If we were focused on a single clade of echinoderms, we could have done much better. Selina (Lena) Cole (NMNH) has been compiling detailed information on 28 functional traits for Ordovician crinoids by carefully measuring ecomorphological measurements on individual fossils (Fig. 4) (Cole and Hopkins 2021, Cole et al. 2019). Because her effort is focused on a single (and morphologically and ecologically diverse) class, she is able to code functionally important characters that are relevant across the clade, but would be irrelevant for most non-crinoids. Her approach allows for an ever-more detailed overview of how crinoid ecology has evolved through time, and when her data set encompasses more crinoids, will provide an excellent fine-grained test of our broader-focused analyses. For example, Cole and Hopkins (2021) found strong correlations between morphological and functional (ecological) disparity throughout 160-million years of disparid crinoid evolution, in contrast to our decoupled patterns for echinoderms as a whole. In both cases, we concur that it is not sufficient to assume morphology and ecology are correlated. It is critical evolutionary biologists build comparable data sets to evaluate each facet of history separately.
Armed with two complementary data sets, we were now able to carry out our analyses, which included time-scaling the phylogeny, calculating rates of character change in each data set, documenting trends in disparity (functional diversity), assessment of convergence, among others. (A huge shout out to Graeme Lloyd and David Bapst for advice and suggestions for carrying out R analyses.)
We discovered that morphological evolution in these earliest echinoderms was consistently much faster than their ecological evolution, and that these differences persisted throughout the Cambrian and Ordovician radiations. The initially greater rate of anatomical divergence allowed Cambrian echinoderms to explore a wider range of forms during their outset, while ecological (functional) disparity lagged behind. Similarly, when echinoderm lineages diverged phylogenetically, anatomical evolution involved a much greater number of character changes and a more volatile movement in morphospace. By the Ordovician, however, the slow and ultimately more constrained pace of ecological evolution accumulated in a rich ecological diversity involving novel ecological strategies.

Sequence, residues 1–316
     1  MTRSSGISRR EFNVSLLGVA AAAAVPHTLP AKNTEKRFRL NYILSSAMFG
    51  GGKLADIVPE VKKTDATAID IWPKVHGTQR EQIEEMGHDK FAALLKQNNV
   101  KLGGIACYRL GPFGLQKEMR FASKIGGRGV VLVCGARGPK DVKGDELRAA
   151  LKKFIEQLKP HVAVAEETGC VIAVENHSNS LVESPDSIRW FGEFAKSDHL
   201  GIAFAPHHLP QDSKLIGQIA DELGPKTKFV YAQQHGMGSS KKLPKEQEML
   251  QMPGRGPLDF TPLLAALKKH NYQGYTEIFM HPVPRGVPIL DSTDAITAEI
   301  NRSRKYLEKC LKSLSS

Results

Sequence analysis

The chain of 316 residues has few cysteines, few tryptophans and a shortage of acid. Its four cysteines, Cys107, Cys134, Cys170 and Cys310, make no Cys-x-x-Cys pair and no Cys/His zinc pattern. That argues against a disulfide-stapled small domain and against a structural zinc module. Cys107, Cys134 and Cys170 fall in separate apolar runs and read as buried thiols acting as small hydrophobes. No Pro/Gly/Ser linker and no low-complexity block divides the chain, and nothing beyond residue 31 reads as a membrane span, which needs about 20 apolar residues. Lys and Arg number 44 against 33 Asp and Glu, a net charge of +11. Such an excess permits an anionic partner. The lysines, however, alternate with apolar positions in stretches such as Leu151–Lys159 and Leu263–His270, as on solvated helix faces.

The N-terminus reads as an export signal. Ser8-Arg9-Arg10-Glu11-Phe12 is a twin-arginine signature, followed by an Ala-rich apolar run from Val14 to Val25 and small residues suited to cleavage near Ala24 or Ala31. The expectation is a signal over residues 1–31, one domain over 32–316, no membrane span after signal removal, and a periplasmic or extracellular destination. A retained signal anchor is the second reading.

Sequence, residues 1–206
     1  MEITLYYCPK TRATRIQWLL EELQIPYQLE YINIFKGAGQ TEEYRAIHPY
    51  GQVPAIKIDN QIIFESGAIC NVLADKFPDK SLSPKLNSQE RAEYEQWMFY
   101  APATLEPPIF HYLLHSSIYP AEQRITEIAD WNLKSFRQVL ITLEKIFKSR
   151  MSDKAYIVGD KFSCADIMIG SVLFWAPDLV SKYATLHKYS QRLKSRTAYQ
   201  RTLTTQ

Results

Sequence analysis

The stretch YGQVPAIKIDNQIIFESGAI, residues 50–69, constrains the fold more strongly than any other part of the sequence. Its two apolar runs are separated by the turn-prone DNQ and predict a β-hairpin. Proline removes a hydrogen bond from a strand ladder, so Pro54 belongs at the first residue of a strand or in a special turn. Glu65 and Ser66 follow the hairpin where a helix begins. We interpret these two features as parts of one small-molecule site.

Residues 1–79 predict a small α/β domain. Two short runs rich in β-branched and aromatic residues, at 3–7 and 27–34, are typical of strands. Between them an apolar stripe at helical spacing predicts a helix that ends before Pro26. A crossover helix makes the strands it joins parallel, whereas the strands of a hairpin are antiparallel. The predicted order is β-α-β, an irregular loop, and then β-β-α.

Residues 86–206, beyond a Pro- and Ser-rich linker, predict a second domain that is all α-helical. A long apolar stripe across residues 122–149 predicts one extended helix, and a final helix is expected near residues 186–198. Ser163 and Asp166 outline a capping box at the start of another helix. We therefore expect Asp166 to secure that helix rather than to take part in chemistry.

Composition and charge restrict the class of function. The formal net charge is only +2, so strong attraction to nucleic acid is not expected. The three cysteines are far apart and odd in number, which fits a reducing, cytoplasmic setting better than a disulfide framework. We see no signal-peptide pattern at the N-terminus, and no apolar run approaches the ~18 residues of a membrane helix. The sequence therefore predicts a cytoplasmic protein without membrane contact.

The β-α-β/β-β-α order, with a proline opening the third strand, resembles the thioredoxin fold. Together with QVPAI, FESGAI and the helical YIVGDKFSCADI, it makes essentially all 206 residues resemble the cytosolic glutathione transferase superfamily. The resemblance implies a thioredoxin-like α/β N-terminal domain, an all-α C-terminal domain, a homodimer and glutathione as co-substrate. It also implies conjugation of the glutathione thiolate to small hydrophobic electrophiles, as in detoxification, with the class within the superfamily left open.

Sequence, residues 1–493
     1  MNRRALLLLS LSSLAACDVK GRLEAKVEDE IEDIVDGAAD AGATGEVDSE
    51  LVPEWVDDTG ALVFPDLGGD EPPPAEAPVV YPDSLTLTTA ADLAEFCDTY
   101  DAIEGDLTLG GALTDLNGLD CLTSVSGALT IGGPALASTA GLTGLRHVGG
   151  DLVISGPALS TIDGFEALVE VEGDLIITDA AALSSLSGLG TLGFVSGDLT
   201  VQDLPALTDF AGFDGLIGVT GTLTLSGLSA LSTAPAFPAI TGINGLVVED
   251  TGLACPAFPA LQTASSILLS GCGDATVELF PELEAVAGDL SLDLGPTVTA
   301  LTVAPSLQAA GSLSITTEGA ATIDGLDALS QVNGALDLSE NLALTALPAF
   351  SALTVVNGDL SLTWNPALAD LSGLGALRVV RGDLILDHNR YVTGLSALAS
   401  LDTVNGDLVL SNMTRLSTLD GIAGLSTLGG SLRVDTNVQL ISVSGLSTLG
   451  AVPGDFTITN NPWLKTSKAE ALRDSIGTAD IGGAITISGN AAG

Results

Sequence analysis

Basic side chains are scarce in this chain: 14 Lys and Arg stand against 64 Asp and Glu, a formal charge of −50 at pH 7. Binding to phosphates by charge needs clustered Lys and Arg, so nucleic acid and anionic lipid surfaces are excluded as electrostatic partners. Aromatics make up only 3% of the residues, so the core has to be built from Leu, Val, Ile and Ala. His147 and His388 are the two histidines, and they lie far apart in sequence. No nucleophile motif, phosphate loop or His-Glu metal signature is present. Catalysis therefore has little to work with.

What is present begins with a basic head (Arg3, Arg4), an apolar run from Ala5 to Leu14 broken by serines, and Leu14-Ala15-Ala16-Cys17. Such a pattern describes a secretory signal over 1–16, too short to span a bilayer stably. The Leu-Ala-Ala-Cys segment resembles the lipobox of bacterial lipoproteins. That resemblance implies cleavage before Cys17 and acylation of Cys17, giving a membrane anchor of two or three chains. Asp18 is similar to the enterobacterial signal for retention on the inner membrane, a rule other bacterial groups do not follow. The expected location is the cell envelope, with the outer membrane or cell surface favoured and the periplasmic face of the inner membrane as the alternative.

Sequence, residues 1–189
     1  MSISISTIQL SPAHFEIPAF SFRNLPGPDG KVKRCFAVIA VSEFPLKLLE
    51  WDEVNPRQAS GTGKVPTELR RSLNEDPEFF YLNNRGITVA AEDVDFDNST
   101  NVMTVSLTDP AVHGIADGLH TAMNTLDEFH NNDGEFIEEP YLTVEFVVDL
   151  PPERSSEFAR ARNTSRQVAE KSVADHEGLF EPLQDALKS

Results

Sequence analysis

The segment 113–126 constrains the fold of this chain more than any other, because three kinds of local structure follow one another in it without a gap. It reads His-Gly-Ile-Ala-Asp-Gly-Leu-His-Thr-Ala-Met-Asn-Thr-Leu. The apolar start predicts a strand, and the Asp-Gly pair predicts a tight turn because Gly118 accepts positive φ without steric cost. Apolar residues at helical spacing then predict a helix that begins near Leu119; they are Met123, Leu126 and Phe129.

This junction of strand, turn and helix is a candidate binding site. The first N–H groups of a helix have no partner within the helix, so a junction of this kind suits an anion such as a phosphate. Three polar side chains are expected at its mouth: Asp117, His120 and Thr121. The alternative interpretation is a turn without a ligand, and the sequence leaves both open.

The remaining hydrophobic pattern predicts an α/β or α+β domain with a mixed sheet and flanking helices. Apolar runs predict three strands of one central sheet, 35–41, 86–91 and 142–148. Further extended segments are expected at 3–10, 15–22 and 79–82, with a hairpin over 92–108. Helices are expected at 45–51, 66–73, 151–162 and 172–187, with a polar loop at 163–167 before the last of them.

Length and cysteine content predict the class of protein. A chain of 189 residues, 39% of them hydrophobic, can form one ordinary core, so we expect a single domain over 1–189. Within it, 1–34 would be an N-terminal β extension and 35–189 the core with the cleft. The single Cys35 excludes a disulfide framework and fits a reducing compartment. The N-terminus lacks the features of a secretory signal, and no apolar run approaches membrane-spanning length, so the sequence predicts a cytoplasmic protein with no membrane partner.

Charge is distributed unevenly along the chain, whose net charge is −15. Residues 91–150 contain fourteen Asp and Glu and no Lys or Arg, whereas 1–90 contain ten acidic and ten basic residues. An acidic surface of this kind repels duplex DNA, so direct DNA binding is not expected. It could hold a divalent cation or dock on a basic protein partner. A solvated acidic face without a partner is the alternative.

Interesting patterns also emerged when examining convergence. Although instances of major convergence were relatively uncommon (as would make sense during the earliest radiations of any taxon), we found that ecological convergence was much more common than morphological convergence. Similarly, life-habit convergence often played out across rather unrelated taxa (most often belonging to different classes or subphyla), whereas anatomical convergence was most often restricted to echinoderms within the same class.
In short, our analyses provide new evidence that anatomical divergence can be dissociated from functional divergence, at least during the earliest radiations of this phylum. Future tests, such as those ongoing by Lena Cole, will demonstrate the generality of these patterns. However, it is critical that such tests be done using independently collected data sets that are of similar structure and dimensionality, and that can be analyzed in identical manners. We end by encouraging paleontologists to continue compiling these kinds of functionally important and variable-rich ecological data sets. And we want functional ecologists to recognize that the kinds of data they value can be gleaned confidently from the fossil record, even for long-extinct life.
Read the paper here: https://www.nature.com/articles/s41559-021-01656-0. And make sure to check out Lena's accompanying News & Views here.
Cole, S. R., and M. J. Hopkins. 2021. Selectivity and the effect of mass extinctions on disparity and functional ecology. Science Advances 7(19):eabf4072.
Cole, S. R., and D. F. Wright. 2022. Niche evolution and phylogenetic community paleoecology of Late Ordovician crinoids. Cambridge University Press, Cambridge.
Cole, S. R., D. F. Wright, and W. I. Ausich. 2019. Phylogenetic community paleoecology of one of the earliest complex crinoid faunas (Brechin Lagerstätte, Ordovician). Palaeogeography, Palaeoclimatology, Palaeoecology 521:82-98.